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Water board accused of violating state law

By Julie Whitmore

On Wednesday, Jan. 20, attorneys for the Flying L Public Utility District (PUD) sent a third letter to Bandera County River Authority and Groundwater District directors expressing their increasing concern over possible violations of state law in the district’s rule-making process.

Limited executive sessions
Austin-based attorney Edmond R. McCarthy Jr., representing the PUD, first wrote to the board on Nov. 11. This was followed by a Dec. 1 letter from the Flying L Homeowners Association Board. BCRAGD administrators responded to neither letter.

In the most recent letter, McCarthy again requested a face-to-face meeting with the BCRAGD board to discuss his clients’ concerns about “continuous and adequate potable water service to its customers” and to “protect health and safety.”

More importantly, however, McCarthy took issue with the water district conducting a rule-making discussion in closed executive session.

“Under Texas’ Open Meeting Law (Chapter 551, Texas Government Code) the use of ‘executive sessions’ is restricted to very limited circumstances prescribed by the statute. ‘Rulemaking’ is not the type of process that lends itself to being conducted in ‘executive session’,” McCarthy wrote.

“In fact, it is hard to think of a scenario where the circumstance would warrant or justify conduction of a lawful executive session during a rulemaking process.”

Executive sessions are limited to discussion of litigation or “confidential matters” under the Disciplinary Rules of Professional Conduct of the State Bar of Texas.

‘Bad public policy & poor political judgment’
Describing the use of an executive session for rulemaking “both bad public policy and poor political judgment,” McCarthy noted, “Rule making should be open, and fully debated in front of those who will be subject to the rules upon adoption. Moreover, closed sessions only incite the public’s paranoia that the purpose of the closed executive session is to ‘cut a deal’ for some insider, or ‘gore someone’s ox’.”

He concluded by requesting that the board “engage the stakeholders and constituents to address community concerns and work toward the development of a balanced consensus to benefit all affected parties.”

In a Monday, Jan. 25, interview, BCRAGD President James Chastain said since he had not yet seen the letter, he could offer no comment. General Manager David Jeffery was unavailable.

In another development, on Thursday, Jan. 21, the Texas Water Development Board declared the “desired future conditions” adopted by Groundwater Management Area 9, of which Bandera and surrounding counties are a part, to be “unreasonable.”
This action could possibly lead to the BCRAGD being taken over by the state. That will be discussed in a future article.

Protracted public hearing

After a four-hour executive session on Monday, Jan. 18, with attorney, Mary Sahs, Chastain announced that a public hearing for new district rules would be held at 9 am, Wednesday, Feb. 24.

Director Gene Wehmeyer said a plan to go through the rules “page by page” would preclude an evening meeting.

Deadline for written comments will be 5 pm, Tuesday, Feb. 16. Chastain said copies of the proposed revised rules should be available by Wednesday, Jan. 27, at the district office. He also directed Jeffery to make the revised rules available on the board website, www.bcragd.org.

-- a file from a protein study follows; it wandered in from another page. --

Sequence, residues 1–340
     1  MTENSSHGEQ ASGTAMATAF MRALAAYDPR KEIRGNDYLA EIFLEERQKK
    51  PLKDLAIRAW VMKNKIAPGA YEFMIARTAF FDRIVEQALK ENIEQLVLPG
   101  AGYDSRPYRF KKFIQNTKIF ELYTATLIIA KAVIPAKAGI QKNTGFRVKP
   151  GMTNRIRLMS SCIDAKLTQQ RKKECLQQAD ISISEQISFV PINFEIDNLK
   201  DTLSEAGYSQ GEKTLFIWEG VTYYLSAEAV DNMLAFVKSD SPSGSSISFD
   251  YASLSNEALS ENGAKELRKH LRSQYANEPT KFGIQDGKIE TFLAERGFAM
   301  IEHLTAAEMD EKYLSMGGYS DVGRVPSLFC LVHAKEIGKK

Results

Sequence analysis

According to Texas law, the rules must be available to the public at least 20 days before the public hearing.

The contentious rule-making process has been years in the finalization. The proposed rules include a one-acre per foot maximum for well production, as well as several other controversial provisions.

Along with the Courier, two attorneys representing the Flying L Resort attended the public hearing announcement. After his announcement, Chastain asked attorneys Randy Dayton and Rene Ruiz if they had any preliminary comments. Both have attended all the rule-making public meetings, and, with copies of the proposed changes in hand, have often commented on specific sections. The attorneys indicated they would wait until they had copies of the fully revised rules before commenting.

Budgetary surplus discrepancies

Earlier in the meeting, BCRAGD directors approved the 2009 budget by an 8-1 margin, with Kneupper casting the lone “nay” vote. Issues engendering considerable discussion included surplus discrepancies, money in restricted funds and cost of the Pawlvick property. Neither outside auditor Eric Ede nor Jeffery could explain the discrepancies, however.

Regarding the transfer of funds for renovation of the new property, discussion centered around whether or not approximately $39,000 remained in the building fund after closing on the Pawlvick property. After directors realized that would provide a nearly $140,000 balance in the building fund to cover a $69,000 bid proposal, Director Karen Ripley declared an unwillingness to transfer all the funds immediately - particularly since they would be paid out only gradually.

Discussions about the necessity of additional funds for a parking lot and possibly transferring money to the scientific fund to upgrade well monitoring processes ultimately proved fruitless.

“Frankly, I just don’t want the bad PR,” Ripley declared.

Finally a vote was taken to move $58,184 from the erosion fund into the building fund, adding to the already-present surplus. The approximately $51,000 surplus in the general fund would be moved into “an unspecified restricted fund” to be determined later.

The final vote was 5-2 with Kneupper and Connors voting against the motion.

In a final bit of business, the board accepted a single bid of $1,000 for a 1996 Chevy Suburban, with 160,00 miles and transmission and brake problems. Chastain did not disclose the lucky bidder’s name.